eBay Earnings, Major Policy Changes Ahead
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As investors and analysts await financial figures for eBay's second quarter, sellers are likely to hear news Monday of policy changes that continue to reflect CEO John Donahoe's strategy of streamlining the buyer experience and redefining the auction marketplace as a traditional e-commerce site.
Chief among the expected announcements is a plan to replace eBay's (NASDAQ: EBAY) PowerSelling branding with a "top-rated" icon, though the PowerSeller program would continue for a year or so to be used as the criteria for rewarding sellers with fee discounts and search exposure, according to a source who has been briefed on the changes.
PowerSeller designation has been used at eBay to showcase high-volume sellers. eBay also special privileges to merchants who qualify as PowerSellers, such as listing discounts, increased exposure in search results and other marketing advantages.
It remains to be seen exactly how eBay will classify "top-rated" sellers as a subset of PowerSellers, but seems likely it will be done through a new formula for calculating "Detailed Seller Ratings" (DEFINE: DSR), which rate e-tailers on a scale from 1 to 5 on various criteria involved in the online purchasing experience, such as delivering goods on time.
If reports are true, the new formula for "top-rated" status would be based on meeting a minimum percentage of low DSR ratings a seller has over a certain time period. eBay would then give top-rated sellers a 20-percent discount on final value fees (FVF), compared to a 5-percent cut for traditional PowerSellers.
Top-rated sellers would also receive increased exposure in eBay search results, compared to PowerSellers and casual sellers.
Skip McGrath, veteran eBay PowerSeller and author of several eBay selling guides, said the "top-rated" plan makes sense for the seller community, though it won't benefit everyone.
"The problem with the PowerSeller program is it recognizes volume, but not necessarily quality," McGrath told InternetNews.com. "So yes, some sellers will be unhappy, and there will definitely be some pain points while they get it up and running, but in the long-term, if it brings more people back to the platform, that will be a plus for all sellers."
He adds that the "top-rated" program would benefit most online merchants with high DSRs -- 4.9 to 5 -- but may put those in certain categories at a disadvantage.
"I see this as being a problem for those who sell refurbished merchandise or used items," McGrath said. "No matter how many warnings you provide about the product being refurbished or 'as is,' and how excellent the customer service, they'll still get some negative feedbacks, so that could keep you out of the running for 'top-rated.'"
He also said the new seller category could help boost sales.
"I'm not sure the occasional buyers at eBay know what a PowerSeller is, or what significance that has, so it's probably good for the shoppers," McGrath said. "Lately, my sales have been, more and more, from people new to eBay, so that's good if we're attracting new buyers, and if they have a better experience, then it's good for the platform and good for sellers."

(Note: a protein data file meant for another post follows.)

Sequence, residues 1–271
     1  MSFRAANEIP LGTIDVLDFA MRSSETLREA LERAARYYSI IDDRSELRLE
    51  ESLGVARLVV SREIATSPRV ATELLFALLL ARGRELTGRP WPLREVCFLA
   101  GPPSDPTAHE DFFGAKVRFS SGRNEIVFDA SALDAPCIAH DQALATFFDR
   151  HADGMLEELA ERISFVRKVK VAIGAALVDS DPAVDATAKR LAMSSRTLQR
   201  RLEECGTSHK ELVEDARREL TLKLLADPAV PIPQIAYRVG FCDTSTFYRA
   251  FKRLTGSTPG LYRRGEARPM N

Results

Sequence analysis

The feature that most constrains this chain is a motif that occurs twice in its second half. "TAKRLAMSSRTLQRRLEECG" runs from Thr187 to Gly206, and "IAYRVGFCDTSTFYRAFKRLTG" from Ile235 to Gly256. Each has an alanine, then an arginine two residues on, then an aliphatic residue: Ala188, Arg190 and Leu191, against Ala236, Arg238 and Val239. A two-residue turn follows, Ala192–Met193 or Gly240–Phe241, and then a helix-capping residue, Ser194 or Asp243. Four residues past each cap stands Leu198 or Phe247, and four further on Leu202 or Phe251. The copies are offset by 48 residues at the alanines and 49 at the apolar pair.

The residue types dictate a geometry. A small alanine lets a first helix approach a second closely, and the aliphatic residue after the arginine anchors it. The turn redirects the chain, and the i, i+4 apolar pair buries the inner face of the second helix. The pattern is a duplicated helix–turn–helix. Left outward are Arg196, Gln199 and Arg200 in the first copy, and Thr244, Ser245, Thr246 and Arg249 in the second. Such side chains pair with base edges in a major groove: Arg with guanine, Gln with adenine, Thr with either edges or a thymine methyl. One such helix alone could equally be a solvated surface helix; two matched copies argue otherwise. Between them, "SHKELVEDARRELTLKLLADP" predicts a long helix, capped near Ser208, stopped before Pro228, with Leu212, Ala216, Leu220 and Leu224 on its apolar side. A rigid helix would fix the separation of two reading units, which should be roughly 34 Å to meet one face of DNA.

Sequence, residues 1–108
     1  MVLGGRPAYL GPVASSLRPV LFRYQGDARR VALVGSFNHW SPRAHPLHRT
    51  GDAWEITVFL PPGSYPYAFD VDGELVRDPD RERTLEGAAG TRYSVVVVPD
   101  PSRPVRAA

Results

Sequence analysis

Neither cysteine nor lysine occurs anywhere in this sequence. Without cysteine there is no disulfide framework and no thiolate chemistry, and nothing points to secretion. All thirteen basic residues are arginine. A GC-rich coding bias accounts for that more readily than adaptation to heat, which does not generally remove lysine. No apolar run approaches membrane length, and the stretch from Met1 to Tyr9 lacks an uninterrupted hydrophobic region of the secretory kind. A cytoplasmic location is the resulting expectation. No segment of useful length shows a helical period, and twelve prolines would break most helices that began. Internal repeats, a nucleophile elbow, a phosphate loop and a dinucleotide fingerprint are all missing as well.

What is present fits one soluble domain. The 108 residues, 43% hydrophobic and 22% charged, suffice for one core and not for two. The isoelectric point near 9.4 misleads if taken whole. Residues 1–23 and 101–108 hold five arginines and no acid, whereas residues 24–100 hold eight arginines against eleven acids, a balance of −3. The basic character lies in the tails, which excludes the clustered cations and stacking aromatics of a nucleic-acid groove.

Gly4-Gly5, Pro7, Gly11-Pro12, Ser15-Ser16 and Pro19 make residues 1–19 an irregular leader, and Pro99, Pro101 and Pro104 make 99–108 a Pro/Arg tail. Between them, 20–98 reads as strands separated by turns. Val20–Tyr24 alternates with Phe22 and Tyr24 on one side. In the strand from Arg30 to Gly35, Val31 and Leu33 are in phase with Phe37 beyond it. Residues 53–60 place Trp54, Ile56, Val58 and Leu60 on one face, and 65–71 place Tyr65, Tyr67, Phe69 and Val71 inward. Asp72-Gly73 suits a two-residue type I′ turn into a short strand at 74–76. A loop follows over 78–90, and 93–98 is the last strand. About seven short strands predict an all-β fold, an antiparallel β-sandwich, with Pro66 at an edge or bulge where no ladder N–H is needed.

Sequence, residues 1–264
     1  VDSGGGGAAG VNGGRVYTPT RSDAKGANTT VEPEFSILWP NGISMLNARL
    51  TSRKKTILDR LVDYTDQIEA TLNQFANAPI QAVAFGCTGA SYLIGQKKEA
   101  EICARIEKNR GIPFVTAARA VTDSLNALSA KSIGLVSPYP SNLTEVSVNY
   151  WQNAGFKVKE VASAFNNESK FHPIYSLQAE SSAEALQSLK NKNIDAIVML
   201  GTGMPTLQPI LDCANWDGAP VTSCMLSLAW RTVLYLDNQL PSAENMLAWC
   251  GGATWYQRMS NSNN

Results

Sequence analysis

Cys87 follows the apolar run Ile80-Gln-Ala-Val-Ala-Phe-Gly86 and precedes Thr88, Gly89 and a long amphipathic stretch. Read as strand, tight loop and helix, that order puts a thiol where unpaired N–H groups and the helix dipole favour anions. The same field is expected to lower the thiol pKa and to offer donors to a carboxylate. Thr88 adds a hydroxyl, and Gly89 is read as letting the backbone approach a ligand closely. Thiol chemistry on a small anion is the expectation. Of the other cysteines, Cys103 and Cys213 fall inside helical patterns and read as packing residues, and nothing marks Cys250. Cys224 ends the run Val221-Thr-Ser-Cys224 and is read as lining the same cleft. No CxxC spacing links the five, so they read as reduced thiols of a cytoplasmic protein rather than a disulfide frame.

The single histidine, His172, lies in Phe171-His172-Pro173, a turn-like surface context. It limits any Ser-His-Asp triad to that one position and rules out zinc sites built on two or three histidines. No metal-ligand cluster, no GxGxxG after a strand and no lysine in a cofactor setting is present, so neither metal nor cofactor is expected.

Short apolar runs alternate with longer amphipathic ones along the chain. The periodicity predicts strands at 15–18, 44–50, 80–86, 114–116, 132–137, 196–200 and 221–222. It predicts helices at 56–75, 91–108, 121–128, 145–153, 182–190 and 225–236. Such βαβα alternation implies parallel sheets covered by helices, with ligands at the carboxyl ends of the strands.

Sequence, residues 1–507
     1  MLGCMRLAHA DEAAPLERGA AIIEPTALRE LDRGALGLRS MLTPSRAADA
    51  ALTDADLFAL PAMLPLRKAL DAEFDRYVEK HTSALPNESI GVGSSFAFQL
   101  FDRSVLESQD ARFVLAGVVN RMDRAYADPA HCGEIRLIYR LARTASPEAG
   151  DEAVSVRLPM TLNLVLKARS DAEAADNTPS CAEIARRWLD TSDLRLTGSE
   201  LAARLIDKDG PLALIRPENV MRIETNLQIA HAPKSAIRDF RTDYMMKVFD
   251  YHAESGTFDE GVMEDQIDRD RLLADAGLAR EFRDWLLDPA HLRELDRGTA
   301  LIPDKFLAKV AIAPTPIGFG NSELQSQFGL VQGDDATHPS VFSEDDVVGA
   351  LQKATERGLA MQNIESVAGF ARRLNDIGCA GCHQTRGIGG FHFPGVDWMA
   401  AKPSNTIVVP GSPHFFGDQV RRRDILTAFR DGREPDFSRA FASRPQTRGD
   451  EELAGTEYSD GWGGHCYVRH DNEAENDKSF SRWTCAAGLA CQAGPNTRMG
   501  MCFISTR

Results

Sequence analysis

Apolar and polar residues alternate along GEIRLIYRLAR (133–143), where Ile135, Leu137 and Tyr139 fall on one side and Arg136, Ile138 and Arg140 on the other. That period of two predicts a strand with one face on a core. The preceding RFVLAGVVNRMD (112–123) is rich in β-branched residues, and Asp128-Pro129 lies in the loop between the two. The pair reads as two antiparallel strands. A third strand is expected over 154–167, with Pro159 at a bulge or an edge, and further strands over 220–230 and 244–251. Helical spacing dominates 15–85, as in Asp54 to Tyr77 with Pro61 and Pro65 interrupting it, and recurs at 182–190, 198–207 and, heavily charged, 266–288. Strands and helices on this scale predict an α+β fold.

Other announcements expected from eBay next week include prohibiting sellers from making buyers pay for shipping insurance and a tool that will aid sellers in maximizing exposure in eBay's "Best Match" algorithm.
Until recently, eBay's search tool provided results based on when auctions were ending, but as more fixed-price items made their way to listings, eBay instituted "Best Match" as the default, which sorts items based on relevancy. The switch left many sellers at a loss as to how to optimize their listings for the new search format.
eBay did not return requests for comment by press time.
In the meantime, the pioneering online marketplace is set to report second-quarter earnings on Wednesday, and analysts appear to be cautiously optimistic.
"We believe the quarter is likely to fall in line with the company's top-line guidance of $1.85 billion to $2 billion, and at the high end of non-GAAP EPS guidance of $0.34 to 0.36 on management's ongoing cost measures," FBR Capital Markets said in a research note. "While we believe the company's efforts at improving the buyer experience may be having some impact, it is likely more a reflection of broader consumer spending trends."
For second quarter, FBR Capital expects eBay to modestly exceed estimates. Wall Street analysts are expecting the company to post $0.36 per share, according to Reuters Estimates.
"Based on our analysis, we are expecting eBay to report better-than-expected results," FBR Capital said. "We estimate revenues of $1.97B ... and pro forma EPS of $0.35."
Even with those optimistic results, eBay's revenues would be down about 10 percent from a year ago, while earnings per share would come in 18 percent lower. FBR Capital also expects eBay's marketplaces revenue to be down 21.7 percent, though it continues to see growth in other key areas, like PayPal -- up 10.8 percent -- and Skype, which could rise 22.2 percent.